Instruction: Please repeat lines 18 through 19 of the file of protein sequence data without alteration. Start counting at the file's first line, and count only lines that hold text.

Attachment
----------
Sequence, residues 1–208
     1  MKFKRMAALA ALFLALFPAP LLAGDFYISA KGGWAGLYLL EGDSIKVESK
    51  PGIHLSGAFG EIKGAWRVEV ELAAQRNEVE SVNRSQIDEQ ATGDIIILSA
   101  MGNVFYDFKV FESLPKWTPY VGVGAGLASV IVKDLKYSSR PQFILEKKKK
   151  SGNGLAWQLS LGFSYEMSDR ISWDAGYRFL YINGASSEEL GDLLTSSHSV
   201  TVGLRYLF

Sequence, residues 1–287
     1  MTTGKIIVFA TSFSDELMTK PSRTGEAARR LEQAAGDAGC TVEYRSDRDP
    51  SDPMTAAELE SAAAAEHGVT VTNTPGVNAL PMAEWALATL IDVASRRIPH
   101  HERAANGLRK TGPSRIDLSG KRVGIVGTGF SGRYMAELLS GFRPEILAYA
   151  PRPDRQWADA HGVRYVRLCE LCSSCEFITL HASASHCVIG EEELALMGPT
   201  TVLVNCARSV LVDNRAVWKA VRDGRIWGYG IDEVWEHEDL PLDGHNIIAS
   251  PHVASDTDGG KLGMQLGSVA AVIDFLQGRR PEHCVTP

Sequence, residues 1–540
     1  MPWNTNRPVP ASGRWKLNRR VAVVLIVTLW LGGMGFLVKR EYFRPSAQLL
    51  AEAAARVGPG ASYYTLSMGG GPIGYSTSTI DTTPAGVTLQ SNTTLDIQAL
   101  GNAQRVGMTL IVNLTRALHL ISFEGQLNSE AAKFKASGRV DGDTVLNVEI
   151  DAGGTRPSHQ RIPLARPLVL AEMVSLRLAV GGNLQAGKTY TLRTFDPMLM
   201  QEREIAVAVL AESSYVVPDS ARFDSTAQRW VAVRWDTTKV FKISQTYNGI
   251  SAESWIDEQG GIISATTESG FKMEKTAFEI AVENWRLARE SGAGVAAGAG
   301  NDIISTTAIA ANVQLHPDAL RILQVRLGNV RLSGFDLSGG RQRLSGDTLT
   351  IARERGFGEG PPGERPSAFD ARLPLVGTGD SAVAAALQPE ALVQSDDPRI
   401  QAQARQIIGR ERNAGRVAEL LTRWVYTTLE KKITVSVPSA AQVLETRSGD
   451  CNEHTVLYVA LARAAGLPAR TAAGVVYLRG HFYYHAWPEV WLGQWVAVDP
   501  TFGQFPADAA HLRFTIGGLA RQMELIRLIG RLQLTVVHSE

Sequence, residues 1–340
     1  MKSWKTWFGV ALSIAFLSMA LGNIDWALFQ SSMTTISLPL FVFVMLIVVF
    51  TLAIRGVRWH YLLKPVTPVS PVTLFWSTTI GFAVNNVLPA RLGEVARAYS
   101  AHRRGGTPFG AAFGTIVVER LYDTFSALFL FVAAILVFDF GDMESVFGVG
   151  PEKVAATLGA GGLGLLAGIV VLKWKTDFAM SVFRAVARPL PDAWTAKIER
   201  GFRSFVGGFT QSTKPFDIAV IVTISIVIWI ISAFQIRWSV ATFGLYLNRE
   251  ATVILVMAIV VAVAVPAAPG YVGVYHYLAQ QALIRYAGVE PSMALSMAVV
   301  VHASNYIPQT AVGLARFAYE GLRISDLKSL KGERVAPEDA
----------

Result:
   151  DAGGTRPSHQ RIPLARPLVL AEMVSLRLAV GGNLQAGKTY TLRTFDPMLM
   201  QEREIAVAVL AESSYVVPDS ARFDSTAQRW VAVRWDTTKV FKISQTYNGI